Mobile World Congress took place this week and aside from a few Microsoft related announcements, the show was all about Android.
As expected, most of the major handset makers introduced new smartphones, with each trying to differentiate from their peers.
Nokia, which gradually lost customers when tastes shifted to high end smartphones from feature phones, is trying to regain lost ground with the Lumia line.
HTC has typically taken the same approach as ZTE with many smartphone models, but this year is a different story.
In light of slowing sales and many models, HTC is refocusing on a single Android line, the HTC One.
Both share similar qualities: Android 4.0 with HTC Sense 4.0, Beats Audio technology an 8 megapixel camera with wide f/2.0 aperture, large, high resolution displays and a Qualcomm 1.5 GHz dual core processors.
Its worth noting that the One X outside of the US will use a quad core Nvidia Tegra 3 chip.
And that means its chip cant power many new phones for AT&T as the carrier wants to push its new 4G network.
Nvidia did announce new LTE radio partners this week, so eventually it will be able to offer LTE handsets.
Its also going to release versions for Android tablets and phones, the iPhone, Windows PCs and Macs and its own MicroConsole TV box.
The company already offered OnLive gaming, a cloud based service that offers console quality titles, and now supplements it with a remote Windows 7 solution.
At the recent Consumer Electronics Show, one of the media hits was OnLive Desktop, a service that provisions a Windows 7 desktop environment that includes Microsoft Office 2010 to the iPad over an Internet connection.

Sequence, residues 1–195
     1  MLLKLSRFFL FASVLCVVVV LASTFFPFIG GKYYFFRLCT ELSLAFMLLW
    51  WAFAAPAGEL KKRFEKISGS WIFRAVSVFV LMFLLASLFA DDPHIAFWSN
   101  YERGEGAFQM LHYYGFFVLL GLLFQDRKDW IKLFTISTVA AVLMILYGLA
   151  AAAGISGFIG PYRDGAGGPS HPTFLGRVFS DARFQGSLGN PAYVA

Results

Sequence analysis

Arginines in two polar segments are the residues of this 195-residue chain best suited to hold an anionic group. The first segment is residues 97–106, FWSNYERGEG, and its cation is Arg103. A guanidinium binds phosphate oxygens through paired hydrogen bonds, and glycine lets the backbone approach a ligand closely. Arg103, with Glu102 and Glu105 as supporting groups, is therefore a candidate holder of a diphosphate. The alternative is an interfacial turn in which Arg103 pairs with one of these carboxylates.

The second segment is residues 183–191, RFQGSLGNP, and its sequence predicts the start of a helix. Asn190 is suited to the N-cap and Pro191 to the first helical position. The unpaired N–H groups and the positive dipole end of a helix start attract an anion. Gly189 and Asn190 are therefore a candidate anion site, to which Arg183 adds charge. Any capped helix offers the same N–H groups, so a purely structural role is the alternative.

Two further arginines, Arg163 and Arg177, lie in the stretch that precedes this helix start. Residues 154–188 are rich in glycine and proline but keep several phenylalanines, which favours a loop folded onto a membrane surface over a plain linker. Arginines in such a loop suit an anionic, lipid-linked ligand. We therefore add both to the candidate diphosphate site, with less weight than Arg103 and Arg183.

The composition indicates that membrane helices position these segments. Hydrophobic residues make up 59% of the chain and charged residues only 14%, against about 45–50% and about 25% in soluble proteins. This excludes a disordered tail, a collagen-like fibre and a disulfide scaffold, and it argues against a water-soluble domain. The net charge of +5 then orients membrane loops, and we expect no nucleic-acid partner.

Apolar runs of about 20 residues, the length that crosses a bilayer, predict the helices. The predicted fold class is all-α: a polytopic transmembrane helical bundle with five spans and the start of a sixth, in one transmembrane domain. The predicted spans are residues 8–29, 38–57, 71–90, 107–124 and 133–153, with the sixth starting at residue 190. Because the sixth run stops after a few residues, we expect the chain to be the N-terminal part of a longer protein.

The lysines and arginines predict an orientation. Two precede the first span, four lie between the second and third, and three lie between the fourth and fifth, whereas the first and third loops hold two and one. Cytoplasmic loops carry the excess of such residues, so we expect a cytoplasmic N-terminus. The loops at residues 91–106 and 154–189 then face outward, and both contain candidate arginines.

Android users will have to wait some more for the Onlive Desktop service and app to come to their tablets and smartphones, which the company promises will happen some time this year.
The free service offers 2 GB of remote storage and access to the Office productivity suite.
And OnLive doesnt guarantee access to the free service; its on an as available basis.
Paid plans bring support for more Windows features and additional storage.
We tested OnLive Desktop on both our Galaxy Tab 7.7 and loaner Asus Transformer Prime and it works well; at least over Wi Fi.
We were able to type and edit a Word document just as well as if we were running Windows directly on a computer.
Last month, cloud gaming pioneer OnLive put its sophisticated technology to a new purpose: running Windows 7 on an iPad.
For those that use Android devices but need occasional access to Windows 7, we recommend giving OnLive Desktop a try.
The OnLive Desktop allows you to combine the touch gestures of a tablet with an on screen Windows keyboard and handwriting recognition.
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Krysta King is a business journalist based in Hobart, Australia. Krysta has a passion for financial markets and breaking news stories and loves writing about business news, stock market, and economic opinions that matters most to its audience. Krysta spends a lot of time discovering and researching latest financial markets and industry news stories in order to make sure the latest and greatest stories are brought to you first on BigBoardNews.com.